Brazil, Russia, India, China Show Largest Increase in Data Center Power 2012-2013
In fact, there is only one ‘established’ market within the top ten for energy requirements growth – the Nordics group of countries. The remaining nine are the BRIC group plus five of the ‘E7’ (emerging 7) countries- Turkey, Gulf States, the ASEAN group of markets, Colombia and South Africa.
The new report ‘Powering the Data Center Report’ http://turt.co/dcd45 gives a worldwide view of power requirements, drivers, trends and issues within the data center market.
Based on results from the 2012/2013 census with additional new qualitative interviews and desk research, the report has a foreword by Professor Ian Bitterlin, and offers the reader insight into historical growth rates, regional variations, local idiosyncrasies. Also included are the technologies and strategies being implemented to mitigate the forecast of exponential growth in demand for data center services.
Over the past 12 months, much attention has been directed at ‘green’ locations and whilst our research confirms that the Nordics have witnessed as much as a 22 per cent growth in white space over the preceding year, the Powering the Data Center Report finds that there is little evidence to suggest that low carbon data center locations are becoming the norm.
According to Professor Bitterlin: “You would imagine, with the rising cost and importance of power, that there would be an exodus of data centre facilities to low-cost or low-carbon (not linked to the price of fossil fuel) regions, but whilst there are some moves, generally data-centre location seems to be affected by forces other than power availability or cost”.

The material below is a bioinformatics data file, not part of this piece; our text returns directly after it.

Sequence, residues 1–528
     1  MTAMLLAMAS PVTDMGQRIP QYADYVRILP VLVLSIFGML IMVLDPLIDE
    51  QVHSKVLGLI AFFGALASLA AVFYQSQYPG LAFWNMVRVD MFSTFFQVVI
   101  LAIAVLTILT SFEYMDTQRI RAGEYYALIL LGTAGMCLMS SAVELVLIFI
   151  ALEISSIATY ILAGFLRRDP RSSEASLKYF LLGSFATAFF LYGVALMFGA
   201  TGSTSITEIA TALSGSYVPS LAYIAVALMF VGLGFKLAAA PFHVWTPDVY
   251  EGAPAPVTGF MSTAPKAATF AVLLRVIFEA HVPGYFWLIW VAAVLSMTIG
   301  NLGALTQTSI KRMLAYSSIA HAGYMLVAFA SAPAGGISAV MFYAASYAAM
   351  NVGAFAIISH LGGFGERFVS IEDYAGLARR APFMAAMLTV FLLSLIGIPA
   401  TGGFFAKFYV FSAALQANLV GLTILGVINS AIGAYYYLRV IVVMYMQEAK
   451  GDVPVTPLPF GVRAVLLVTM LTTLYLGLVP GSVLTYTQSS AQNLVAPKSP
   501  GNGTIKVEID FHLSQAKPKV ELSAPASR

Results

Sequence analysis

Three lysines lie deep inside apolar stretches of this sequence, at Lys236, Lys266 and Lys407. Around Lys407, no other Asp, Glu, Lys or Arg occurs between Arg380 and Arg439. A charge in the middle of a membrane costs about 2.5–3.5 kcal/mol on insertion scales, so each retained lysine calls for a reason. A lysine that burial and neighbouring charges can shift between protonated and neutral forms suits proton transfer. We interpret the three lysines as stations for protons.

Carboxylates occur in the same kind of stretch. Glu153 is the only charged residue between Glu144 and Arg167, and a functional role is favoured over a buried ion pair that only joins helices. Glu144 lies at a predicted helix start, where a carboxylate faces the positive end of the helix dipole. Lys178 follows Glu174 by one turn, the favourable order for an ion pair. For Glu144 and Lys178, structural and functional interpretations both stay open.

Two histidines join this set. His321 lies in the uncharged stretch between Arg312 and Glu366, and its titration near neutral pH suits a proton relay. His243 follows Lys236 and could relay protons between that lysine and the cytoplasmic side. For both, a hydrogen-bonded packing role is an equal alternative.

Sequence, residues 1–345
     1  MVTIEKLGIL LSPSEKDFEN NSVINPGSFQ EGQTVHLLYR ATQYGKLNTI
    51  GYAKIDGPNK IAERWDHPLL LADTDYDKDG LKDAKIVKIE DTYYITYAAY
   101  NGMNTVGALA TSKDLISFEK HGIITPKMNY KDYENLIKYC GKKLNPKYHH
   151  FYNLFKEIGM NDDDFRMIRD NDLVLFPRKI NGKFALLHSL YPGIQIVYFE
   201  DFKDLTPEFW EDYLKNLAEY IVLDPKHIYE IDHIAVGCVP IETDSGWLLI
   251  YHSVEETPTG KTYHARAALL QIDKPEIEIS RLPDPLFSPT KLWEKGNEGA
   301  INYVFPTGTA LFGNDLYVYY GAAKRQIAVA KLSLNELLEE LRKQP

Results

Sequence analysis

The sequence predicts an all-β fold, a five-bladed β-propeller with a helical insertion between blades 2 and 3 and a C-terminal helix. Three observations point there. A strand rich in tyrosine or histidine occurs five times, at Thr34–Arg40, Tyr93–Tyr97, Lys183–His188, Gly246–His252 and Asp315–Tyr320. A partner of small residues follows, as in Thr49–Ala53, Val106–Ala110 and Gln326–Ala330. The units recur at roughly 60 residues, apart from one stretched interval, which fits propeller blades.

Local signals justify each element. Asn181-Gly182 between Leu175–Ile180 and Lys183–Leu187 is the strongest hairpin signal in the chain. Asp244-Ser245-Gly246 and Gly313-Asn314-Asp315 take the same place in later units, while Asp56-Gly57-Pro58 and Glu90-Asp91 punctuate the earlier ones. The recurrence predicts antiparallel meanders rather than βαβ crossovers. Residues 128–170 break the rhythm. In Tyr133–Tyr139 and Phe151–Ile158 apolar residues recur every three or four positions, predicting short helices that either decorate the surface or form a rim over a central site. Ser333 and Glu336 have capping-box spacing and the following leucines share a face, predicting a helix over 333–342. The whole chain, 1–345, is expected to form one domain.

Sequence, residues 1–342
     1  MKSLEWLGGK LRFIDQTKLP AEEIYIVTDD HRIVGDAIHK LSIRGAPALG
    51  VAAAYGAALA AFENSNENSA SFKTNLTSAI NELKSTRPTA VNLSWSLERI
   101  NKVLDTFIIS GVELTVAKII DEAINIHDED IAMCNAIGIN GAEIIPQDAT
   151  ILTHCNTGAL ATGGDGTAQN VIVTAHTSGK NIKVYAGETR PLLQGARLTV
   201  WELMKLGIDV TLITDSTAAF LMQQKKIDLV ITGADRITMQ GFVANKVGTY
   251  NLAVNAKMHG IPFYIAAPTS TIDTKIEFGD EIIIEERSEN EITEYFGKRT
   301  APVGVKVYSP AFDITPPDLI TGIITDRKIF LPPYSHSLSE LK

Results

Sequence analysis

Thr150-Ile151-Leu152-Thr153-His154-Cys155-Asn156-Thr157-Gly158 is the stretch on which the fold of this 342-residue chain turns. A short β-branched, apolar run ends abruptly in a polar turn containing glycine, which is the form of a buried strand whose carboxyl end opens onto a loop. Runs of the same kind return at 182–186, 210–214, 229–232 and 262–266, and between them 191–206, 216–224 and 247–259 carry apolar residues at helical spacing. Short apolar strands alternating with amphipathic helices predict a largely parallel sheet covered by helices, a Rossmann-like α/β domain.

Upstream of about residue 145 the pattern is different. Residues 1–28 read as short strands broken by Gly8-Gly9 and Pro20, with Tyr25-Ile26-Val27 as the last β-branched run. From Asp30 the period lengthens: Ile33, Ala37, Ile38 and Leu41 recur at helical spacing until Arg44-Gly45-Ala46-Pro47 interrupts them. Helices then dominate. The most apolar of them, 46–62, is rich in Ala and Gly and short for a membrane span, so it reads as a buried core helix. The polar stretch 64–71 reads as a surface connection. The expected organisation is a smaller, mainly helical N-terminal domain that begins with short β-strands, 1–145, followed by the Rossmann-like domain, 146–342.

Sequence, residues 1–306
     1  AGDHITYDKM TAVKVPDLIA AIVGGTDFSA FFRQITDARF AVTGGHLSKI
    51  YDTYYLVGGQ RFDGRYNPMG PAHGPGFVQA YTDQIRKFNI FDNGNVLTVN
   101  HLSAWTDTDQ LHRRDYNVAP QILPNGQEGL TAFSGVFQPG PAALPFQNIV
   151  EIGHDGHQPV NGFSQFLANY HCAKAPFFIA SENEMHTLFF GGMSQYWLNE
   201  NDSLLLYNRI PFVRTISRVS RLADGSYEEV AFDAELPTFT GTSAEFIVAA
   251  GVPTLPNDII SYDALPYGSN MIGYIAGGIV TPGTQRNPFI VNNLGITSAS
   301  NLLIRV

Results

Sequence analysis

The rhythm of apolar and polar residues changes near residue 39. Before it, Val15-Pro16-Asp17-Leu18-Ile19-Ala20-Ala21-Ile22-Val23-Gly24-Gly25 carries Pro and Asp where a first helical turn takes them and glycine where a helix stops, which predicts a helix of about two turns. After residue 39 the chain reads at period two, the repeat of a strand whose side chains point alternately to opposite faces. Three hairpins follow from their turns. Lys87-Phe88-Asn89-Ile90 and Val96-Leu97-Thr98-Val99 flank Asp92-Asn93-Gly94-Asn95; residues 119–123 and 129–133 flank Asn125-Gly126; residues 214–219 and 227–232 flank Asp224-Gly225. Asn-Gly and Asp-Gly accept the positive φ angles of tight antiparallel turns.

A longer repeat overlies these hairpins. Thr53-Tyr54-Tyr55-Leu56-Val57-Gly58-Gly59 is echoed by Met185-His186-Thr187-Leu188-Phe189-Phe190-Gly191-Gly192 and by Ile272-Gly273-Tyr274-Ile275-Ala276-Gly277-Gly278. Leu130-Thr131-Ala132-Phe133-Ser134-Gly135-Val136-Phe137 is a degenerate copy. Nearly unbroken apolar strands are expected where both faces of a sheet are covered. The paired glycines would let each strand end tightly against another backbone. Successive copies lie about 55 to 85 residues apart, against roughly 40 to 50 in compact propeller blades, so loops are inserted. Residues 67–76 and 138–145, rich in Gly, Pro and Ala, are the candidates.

With the amount of negative publicity surrounding current and future power requirements for the data center industry many have asked the question whether the industry is doing enough to reduce power consumption. The answer according to both Professor Bitterlin and the report’s author, DCD intelligence lead analyst Nick Parfait, is a definite yes – though with the proviso that the industry must continue to find ways of doing even more.
As Parfitt explained, “Currently the industry can show to the outside world a variety of energy saving initiatives with new and forthcoming International and regional standards, best practices, maturity models and codes of conduct on energy efficiency.
“However, we in the data-centre industry need to educate others, – especially governments and legislators – what we do, how central our role is in the digital economy and how our facilities are becoming ever more vital and also ever more energy efficient. For example, interacting digitally rather than physically has a very significant impact on the carbon footprint of data center users.”
According to projections made based on 2012 census data, the global data center industry has a total power consumption of approximately 332 TWh (terawatt hours) of which 19 per cent is accounted for by colocation or other outsourced facilities.
This 332 TWh consumption represents 1.8 per cent of global electricity usage based on IAE (the international energy agency) World Energy Outlook figures. However, as Parfitt explained, “Governments and legislators need to understand that modern data centers use this energy orders of magnitude more efficiently than their old server-room predecessors. So companies should be rewarded, not discouraged from transferring to these facilities.”
This total demand figure is up 14 per cent over the 2011 Census data. Whilst this is lower than the previously projected increase of 19 per cent, it is still very significantly higher than overall global energy demand for which the historic 10-year rate of increase is just 2.5 per cent. (Source BP – quoting IAE 2012 figures.)